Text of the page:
Royce Gracie is the man who put Brazilian Jiu-Jitsu (BJJ) on the map and started MMA’s push into mainstream consciousness. He didn’t develop the grappling art. That credit mostly goes to his father Helio Gracie and his uncle Carlos Gracie. However, Royce was the one who proved the effectiveness of BJJ during the inaugural Ultimate Fighting Championship tournaments, dominating bigger, stronger opponents with a new martial art most people had not seen before at the time.
Many people who saw Gracie’s performances at the first five UFC tournaments were inspired by them. He won the first two UFC events, then pulled out from the finals of the third tournament due to an injury. He went on to win the fourth tournament and fought to a draw against his rival Ken Shamrock at the fifth tourney.
The Legend Of Royce Gracie
Born on December 12, 1966, in Rio de Janeiro, Brazil, BJJ has always been a part of Royce Gracie’s life. The son of the founder of what is now known as Gracie Jiu-Jitsu or Brazilian Jiu-Jitsu, his BJJ training started while he was a toddler.
Royce entered his first BJJ competition at the age of eight, and he was skilled enough to train students by the time he was fourteen. He received a blue belt at the age of 16, and he was awarded his black belt a few months before his 18th birthday. Royce decided to move to the U.S. to help his brother Rorion’s BJJ academy there. There was no way to predict what this decision to relocate would lead to.
Glory Days: A Natural Fighter
Rorion, along with Art Davie and John Milius, went on to create a no-holds-barred tournament that would feature the best fighters from different martial arts. The goal was to determine which combat style was most effective. It was modeled after the Vale Tudo fights that brought many Gracie members like his father fame in Brazil.
They called it the Ultimate Fighting Championship.
Royce already had some Vale Tudo experience from back home in Brazil, and he was selected to represent the family. That turned out to be an incredibly intelligent decision as Royce made it look easy as he methodically took opponents down, peppered them with strikes, and forced them to submit. Those who were too arrogant to tap went to sleep or suffered broken limbs.
That first UFC tournament was Brazilian Jiu-Jitsu’s introduction to the mainstream. Everyone was talking about it. People couldn’t believe how easily some skinny guy was defeating guys who looked to be twice his size at times.
BJJ schools started popping up all over the world, as the demand to learn this new martial art that seemed to be superior to all the others grew.
Royce went on to win the second UFC tournament, reasserting BJJ’s dominance over all other martial arts. He probably would have won the third event, but he ended up withdrawing from the finals due to an injury. He came back with a vengeance for the fourth UFC tourney and left with the title once again.
The fifth UFC tournament was the first step towards what is now known as mixed martial arts. Time limits were introduced, and a new rule allowed the referee to stand up both fighters if they were stalled on the ground. Ken Shamrock ended up using those rules to his advantage, lasting the entire 36-minute duration of the bout. The fight was ruled a draw.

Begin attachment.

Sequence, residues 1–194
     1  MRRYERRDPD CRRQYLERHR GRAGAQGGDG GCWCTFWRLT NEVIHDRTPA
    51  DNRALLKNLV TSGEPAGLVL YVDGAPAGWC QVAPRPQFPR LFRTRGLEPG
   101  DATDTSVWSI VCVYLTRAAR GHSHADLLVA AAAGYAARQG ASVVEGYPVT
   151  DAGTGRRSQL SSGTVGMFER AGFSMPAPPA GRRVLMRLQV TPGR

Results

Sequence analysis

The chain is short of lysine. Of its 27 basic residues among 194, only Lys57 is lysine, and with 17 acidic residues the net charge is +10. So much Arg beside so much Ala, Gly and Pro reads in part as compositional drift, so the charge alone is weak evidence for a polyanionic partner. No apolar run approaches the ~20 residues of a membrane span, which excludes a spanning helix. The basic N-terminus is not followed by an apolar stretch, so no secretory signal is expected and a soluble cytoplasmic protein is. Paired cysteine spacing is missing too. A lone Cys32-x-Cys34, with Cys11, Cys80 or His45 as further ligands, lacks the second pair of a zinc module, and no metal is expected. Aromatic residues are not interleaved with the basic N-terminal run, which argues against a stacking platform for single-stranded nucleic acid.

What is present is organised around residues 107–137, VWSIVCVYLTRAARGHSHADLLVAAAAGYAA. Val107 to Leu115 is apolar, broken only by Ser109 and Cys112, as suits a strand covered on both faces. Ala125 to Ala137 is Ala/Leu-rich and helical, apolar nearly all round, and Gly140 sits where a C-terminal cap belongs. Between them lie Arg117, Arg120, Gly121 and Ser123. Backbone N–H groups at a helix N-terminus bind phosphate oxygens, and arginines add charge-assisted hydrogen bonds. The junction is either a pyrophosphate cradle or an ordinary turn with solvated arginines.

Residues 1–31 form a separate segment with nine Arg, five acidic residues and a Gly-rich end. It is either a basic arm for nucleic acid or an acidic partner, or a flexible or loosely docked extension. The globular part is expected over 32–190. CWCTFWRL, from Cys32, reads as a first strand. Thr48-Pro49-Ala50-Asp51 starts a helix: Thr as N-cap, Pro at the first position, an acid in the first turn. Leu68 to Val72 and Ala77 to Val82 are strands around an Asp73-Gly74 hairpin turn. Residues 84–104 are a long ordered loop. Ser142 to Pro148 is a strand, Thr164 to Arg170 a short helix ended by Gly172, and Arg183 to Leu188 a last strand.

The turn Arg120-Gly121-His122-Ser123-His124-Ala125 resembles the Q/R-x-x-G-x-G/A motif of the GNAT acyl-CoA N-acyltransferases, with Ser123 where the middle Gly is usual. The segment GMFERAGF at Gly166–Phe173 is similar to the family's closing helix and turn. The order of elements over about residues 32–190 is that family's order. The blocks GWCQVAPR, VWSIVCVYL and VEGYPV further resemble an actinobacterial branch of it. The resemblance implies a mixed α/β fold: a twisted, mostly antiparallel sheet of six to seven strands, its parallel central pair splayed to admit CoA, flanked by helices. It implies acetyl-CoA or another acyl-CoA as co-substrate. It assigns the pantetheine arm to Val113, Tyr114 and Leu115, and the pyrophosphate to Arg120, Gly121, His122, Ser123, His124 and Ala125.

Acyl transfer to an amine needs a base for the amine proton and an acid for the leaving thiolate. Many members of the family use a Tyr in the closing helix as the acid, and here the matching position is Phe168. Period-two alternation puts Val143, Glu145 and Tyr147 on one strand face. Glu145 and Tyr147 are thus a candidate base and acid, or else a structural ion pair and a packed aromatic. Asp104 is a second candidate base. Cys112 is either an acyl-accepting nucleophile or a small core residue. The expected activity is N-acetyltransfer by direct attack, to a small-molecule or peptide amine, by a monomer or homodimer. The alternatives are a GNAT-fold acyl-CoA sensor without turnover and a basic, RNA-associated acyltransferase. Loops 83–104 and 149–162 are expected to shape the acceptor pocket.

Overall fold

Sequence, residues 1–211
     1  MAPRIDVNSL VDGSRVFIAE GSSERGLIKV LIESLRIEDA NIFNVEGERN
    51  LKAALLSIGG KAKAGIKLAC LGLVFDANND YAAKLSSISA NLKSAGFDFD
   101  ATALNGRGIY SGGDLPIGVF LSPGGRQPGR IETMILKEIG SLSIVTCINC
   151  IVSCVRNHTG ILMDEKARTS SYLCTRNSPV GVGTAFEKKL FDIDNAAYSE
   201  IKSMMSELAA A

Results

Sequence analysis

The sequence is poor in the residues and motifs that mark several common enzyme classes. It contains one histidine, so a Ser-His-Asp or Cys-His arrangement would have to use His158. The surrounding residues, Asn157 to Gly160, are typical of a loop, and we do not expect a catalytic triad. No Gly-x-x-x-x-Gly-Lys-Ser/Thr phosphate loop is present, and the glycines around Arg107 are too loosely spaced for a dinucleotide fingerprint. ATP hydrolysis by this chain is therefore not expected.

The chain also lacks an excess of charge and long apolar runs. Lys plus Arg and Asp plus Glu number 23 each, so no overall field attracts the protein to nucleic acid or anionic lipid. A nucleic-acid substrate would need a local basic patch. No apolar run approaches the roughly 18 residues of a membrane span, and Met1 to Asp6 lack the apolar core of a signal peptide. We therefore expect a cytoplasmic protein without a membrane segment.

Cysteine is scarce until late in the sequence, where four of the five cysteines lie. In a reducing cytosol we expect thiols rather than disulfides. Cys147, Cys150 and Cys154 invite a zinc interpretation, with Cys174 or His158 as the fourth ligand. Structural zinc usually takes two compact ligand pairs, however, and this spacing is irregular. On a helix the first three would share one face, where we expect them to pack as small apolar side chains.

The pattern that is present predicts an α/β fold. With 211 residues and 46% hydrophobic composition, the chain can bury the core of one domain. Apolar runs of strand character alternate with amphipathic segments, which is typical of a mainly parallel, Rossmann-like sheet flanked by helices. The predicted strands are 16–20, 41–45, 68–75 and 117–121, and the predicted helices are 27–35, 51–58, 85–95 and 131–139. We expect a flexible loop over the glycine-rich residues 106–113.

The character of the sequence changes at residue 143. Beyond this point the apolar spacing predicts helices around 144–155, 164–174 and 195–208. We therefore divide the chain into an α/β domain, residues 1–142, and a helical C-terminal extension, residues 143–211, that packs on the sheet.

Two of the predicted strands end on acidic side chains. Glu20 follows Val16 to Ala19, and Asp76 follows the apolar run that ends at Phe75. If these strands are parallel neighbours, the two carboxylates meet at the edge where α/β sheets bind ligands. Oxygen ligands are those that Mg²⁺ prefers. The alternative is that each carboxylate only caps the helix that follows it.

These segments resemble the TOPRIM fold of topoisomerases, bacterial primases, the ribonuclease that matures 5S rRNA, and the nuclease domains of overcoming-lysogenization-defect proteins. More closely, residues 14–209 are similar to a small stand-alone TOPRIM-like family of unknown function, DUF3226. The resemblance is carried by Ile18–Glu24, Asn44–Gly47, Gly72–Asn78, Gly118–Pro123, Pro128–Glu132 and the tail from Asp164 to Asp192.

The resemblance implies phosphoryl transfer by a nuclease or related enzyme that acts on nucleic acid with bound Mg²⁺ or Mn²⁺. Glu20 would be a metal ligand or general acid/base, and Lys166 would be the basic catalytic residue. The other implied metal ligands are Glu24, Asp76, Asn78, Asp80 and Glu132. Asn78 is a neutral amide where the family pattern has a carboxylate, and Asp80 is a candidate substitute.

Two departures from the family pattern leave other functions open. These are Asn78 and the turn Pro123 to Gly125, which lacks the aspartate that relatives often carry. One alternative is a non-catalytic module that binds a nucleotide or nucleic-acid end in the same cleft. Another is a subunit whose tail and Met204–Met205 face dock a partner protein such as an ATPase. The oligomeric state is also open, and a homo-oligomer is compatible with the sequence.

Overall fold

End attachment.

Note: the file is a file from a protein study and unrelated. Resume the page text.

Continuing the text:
Royce left the UFC shortly after.
He accepted a big-name challenge against one of his uncle Carlson Gracie’s students, Wallid Ismail, to settle a dispute about which Gracie school was stronger. Ismail was one of Carlson’s top students, while Royce was his father’s top disciple. At the time, Ismail had already racked up wins against other members of the family like Ralph and Renzo.
Special rules were made for the match between Royce and Ismail, but things didn’t go as planned for the former. Royce ended up getting submitted with a clock choke early in their match. It was Gracie’s first loss on the big stage, but it didn’t stop the feud between the two. A rematch has never been finalized.
Return To MMA
Disappointed with his results in his return to BJJ competition, Royce decided to go back to mixed martial arts. He signed up with the top MMA promotion in Japan, PRIDE Fighting Championships. He was scheduled to fight UFC champion Mark Kerr in his debut, but he ended up pulling out due to a back injury.
Royce eventually made his PRIDE debut in 2000, defeating Nobuhiko Takada via unanimous decision. His next fight was against one of the most decorated Japanese fighters at the time, Kazushi Sakuraba. Sakuraba gave Gracie a good scare early in their match, almost catching Royce with a kneebar at the end of the first round.
The fight between the two lasted over an hour and momentum started to shift towards Sakuraba as the fight progressed. He intelligently used Gracie’s gi against him and seemed to be the better-conditioned fighter. Royce’s team threw in the towel about 90 minutes into the contest as Royce could no longer stand due to a broken femur.
It was Royce Gracie’s first loss in mixed martial arts.
Royce went on to fight a few more times in PRIDE and K1 Dynamite, amassing a record of one win and two draws. He returned to the UFC for a catchweight fight against former champion Matt Hughes, but he ended up getting knocked out, suffering his second loss in MMA.
Gracie managed to turn things around during his next fight, avenging his loss to Sakuraba at Dynamite USA in 2007. Royce won the fight via unanimous decision. He tested positive for anabolic steroids after the fight, but the results of the contest were never overturned.
Royce returned to MMA after a 9-year break in 2016, defeating his arch-rival Ken Shamrock via knockout.
An Irreplaceable Legend
Royce Gracie is the father of modern MMA, and he’s the reason BJJ is added to the training programs for law enforcement and military personnel all over the globe.
You may also like: